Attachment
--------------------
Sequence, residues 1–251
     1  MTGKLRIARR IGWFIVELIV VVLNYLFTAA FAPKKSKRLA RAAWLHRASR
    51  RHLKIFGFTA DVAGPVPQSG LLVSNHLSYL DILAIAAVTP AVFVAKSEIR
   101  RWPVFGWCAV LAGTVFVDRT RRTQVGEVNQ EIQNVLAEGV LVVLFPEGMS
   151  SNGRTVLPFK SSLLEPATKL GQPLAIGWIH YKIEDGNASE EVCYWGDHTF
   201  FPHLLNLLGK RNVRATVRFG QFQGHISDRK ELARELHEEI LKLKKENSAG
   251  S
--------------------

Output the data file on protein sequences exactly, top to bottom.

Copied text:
Sequence, residues 1–251
     1  MTGKLRIARR IGWFIVELIV VVLNYLFTAA FAPKKSKRLA RAAWLHRASR
    51  RHLKIFGFTA DVAGPVPQSG LLVSNHLSYL DILAIAAVTP AVFVAKSEIR
   101  RWPVFGWCAV LAGTVFVDRT RRTQVGEVNQ EIQNVLAEGV LVVLFPEGMS
   151  SNGRTVLPFK SSLLEPATKL GQPLAIGWIH YKIEDGNASE EVCYWGDHTF
   201  FPHLLNLLGK RNVRATVRFG QFQGHISDRK ELARELHEEI LKLKKENSAG
   251  S